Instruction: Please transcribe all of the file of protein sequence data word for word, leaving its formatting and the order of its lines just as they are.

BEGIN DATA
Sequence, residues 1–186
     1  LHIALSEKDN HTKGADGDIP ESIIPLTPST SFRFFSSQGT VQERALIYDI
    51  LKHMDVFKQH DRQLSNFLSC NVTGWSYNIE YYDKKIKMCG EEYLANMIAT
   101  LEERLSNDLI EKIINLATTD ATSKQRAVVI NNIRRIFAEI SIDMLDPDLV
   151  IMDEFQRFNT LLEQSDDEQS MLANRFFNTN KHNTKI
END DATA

Sequence, residues 1–186
     1  LHIALSEKDN HTKGADGDIP ESIIPLTPST SFRFFSSQGT VQERALIYDI
    51  LKHMDVFKQH DRQLSNFLSC NVTGWSYNIE YYDKKIKMCG EEYLANMIAT
   101  LEERLSNDLI EKIINLATTD ATSKQRAVVI NNIRRIFAEI SIDMLDPDLV
   151  IMDEFQRFNT LLEQSDDEQS MLANRFFNTN KHNTKI